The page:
Qatar’s ever charming neighbourhoods
In a special three-part series, award-winning author, social and human rights activist and one Qatar’s change-makers, Shaima Al Sultan, shares her childhood memories of the country before its incredible transformation.
When we were young, the world to us was as far as where our bicycles would go. We would ride around the neighbourhoods in Qatar, and although the old cracked streets needed renovation, we would still cycle across them as if they were testing us.
My first memory takes me to my family hometown Al Dafna — an elegant seaside district in the Qatari capital Doha full of replicated white houses, juxtaposed with vibrant coloured trees. Surrounding them was a street, a mosque and my school, Garnata elementary school. Back then, we would get ready for school by dressing in our grey school uniforms, black shoes, laced-up socks, and our mothers would braid our hair and tie them back with white ribbons. From the windows of our classrooms we would hear the muezzin’s call to prayer, this was also an indication that the school day was over. We would rush to meet our parents at the gate as they welcome us and take us home to play.
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My grandmother’s house was located on the other side of Doha, in Fareej bin Omran — an amazing and vibrant neighbourhood that bustled with life and never-ending stories. Here, every single day was like a weekend. A large Sidra tree greeted us at the door of our grandmother’s house. We would climb up the tree like little monkeys to pick out the fruit or sometimes to simply hide and watch the neighbourhood as people go by their day.
Each house had its own bench outside and we would sit on one of them to watch the youth of Al-Fareej play football in the open and empty spaces in front of the houses. The football team used two rocks placed two metres away from each other to create the goal. After the placements are done, the game begins and the excitement rises as do peoples voices.
Friday mornings were always my favourite. My grandmother would prepare tea with milk and sugar, chapati bread and kima from Hamood Coffee — a favourite — along with cheese and melon jam for breakfast. In the afternoon, we would go to the supermarket near the house then make our way to the small public park that was open for the Al-Fareej area. The park had simple toys and games but we kept playing until the late afternoon when we got tired and slept in the car the whole way back to our homes. This was the end of our weekends back then.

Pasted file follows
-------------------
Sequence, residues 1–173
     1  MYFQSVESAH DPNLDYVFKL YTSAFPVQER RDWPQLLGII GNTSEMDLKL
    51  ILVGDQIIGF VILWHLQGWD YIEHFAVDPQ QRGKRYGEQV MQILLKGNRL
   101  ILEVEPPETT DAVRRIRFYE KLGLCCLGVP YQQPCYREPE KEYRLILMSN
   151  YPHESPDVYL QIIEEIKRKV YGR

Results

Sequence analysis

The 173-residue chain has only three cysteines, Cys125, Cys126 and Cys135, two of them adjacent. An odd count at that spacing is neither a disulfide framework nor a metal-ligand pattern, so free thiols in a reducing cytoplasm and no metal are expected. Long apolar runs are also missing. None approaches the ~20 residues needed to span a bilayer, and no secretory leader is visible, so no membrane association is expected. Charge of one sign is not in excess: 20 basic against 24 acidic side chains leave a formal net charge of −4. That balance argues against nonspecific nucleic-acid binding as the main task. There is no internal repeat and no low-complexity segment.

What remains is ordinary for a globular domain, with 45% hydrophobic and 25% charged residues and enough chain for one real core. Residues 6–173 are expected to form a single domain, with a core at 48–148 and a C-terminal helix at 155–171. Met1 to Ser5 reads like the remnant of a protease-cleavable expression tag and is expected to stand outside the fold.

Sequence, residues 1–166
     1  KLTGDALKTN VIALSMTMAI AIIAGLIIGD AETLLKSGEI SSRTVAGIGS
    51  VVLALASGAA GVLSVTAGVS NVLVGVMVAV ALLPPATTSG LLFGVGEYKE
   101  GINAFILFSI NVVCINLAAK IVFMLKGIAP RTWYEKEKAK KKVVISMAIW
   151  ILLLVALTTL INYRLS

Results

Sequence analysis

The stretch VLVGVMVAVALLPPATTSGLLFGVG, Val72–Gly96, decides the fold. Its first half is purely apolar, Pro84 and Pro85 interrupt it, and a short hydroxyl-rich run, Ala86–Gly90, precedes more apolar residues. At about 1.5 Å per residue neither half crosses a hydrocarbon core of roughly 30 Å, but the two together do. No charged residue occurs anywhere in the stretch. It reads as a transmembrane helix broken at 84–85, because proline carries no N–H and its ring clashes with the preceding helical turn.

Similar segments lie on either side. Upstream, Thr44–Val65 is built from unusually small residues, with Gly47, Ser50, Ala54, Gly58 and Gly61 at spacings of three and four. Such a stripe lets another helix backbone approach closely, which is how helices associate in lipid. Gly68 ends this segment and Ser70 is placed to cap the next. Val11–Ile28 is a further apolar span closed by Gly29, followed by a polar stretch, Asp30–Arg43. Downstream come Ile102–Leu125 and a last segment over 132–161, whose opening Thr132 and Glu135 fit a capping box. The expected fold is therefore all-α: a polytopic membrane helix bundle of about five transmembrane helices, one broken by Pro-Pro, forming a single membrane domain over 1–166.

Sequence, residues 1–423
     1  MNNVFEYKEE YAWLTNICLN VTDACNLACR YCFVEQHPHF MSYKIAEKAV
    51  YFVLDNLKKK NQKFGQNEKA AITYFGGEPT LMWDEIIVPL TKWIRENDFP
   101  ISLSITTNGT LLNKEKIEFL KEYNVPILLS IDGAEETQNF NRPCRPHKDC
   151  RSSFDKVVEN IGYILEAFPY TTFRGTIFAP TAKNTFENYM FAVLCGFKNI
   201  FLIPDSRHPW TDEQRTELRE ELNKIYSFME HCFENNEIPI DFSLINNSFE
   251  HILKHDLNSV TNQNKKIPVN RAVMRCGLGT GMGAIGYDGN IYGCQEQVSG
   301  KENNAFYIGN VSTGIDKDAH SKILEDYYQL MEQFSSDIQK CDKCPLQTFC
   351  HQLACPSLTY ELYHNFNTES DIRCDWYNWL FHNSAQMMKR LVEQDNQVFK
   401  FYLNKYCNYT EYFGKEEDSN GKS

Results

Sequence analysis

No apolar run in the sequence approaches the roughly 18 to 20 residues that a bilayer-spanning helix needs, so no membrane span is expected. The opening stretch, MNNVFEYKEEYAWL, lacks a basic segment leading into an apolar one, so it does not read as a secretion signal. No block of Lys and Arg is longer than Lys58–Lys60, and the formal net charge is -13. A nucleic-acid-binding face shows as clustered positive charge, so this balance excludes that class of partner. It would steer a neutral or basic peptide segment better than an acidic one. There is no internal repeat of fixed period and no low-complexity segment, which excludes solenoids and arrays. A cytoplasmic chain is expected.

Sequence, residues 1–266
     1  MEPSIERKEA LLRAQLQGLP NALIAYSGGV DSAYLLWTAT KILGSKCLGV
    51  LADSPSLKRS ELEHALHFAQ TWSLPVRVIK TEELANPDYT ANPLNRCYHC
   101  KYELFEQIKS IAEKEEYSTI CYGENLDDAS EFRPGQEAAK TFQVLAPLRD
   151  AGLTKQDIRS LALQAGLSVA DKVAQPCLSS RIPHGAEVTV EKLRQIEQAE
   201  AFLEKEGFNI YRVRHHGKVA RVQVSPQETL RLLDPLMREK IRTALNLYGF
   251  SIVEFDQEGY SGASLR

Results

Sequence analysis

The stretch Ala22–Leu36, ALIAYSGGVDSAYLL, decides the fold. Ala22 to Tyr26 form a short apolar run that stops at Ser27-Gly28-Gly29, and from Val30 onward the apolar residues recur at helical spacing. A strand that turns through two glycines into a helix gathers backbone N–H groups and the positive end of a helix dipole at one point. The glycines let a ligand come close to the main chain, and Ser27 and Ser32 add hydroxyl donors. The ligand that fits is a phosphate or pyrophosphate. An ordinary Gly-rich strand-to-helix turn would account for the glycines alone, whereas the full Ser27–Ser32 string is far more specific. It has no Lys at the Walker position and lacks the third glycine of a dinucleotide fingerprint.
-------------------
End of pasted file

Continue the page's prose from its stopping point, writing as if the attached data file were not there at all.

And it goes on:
It was a big decision for us to move from Al Dafna to Al Hilal which is located in the heart of Doha city. In our new neighbourhood our education became more advanced too. The weekend was now two days instead of one, making playtime longer on Thursdays and Fridays which later turned into Fridays and Saturdays.
On cool days during the afternoon, we would get the chance to meet up with the neighbours’ children to play with them. We would form a team of bicycles to ride around and explore the areas surrounding our houses, the furthest we reached was Shams Cafeteria. To us, this was a daring and big achievement and if we intended on embarking on this adventure we would be sure to plan ahead.
On other days where the weather was better and during the berry season, we would stand on fences to harvest them from the trees and place them in bags. Then we take them home, wash them and eat them before sunset because this meant the end of our fun time, but who could steal the joy from the young adventurers?
Then there was the road to Al Wakrah — a city that loves its people. Every morning, we would pass by the Parachute Roundabout and the Seashell Roundabout to get to our schools. Al Wakrah, the city we moved to, was expanding and prospering right in front of our very eyes.
From the houses near the ocean to the houses of different neighbourhoods, from the heritage to its maritime history, to the preparations of Ramadan and Eid that include Al Haya Baya, the people of Al Wakrah value their relationship with the area and would jump to defend it at any time necessary. This feeling of pride continues even today with the opening of the Al Janoub Stadium, which has been designed by the legendary Zaha Hadid and represents Qatar’s maritime history.
Many of these traditional neighbourhoods have evolved into beautiful living spaces with better roads, however, the memories of these traditional neighbourhoods, the old streets and roundabouts will always remain.
The roads and neighbourhoods are changing, they progress and so does Qatar, but without forgetting its past. Instead, Qatar preserves the past by adding a new vision to the existing ideas in order to keep its soul. Between Souq Waqif, Al Wakrah Souq, and the modern city of Msheireb, Doha travels between its past and present while keeping its spirit for change.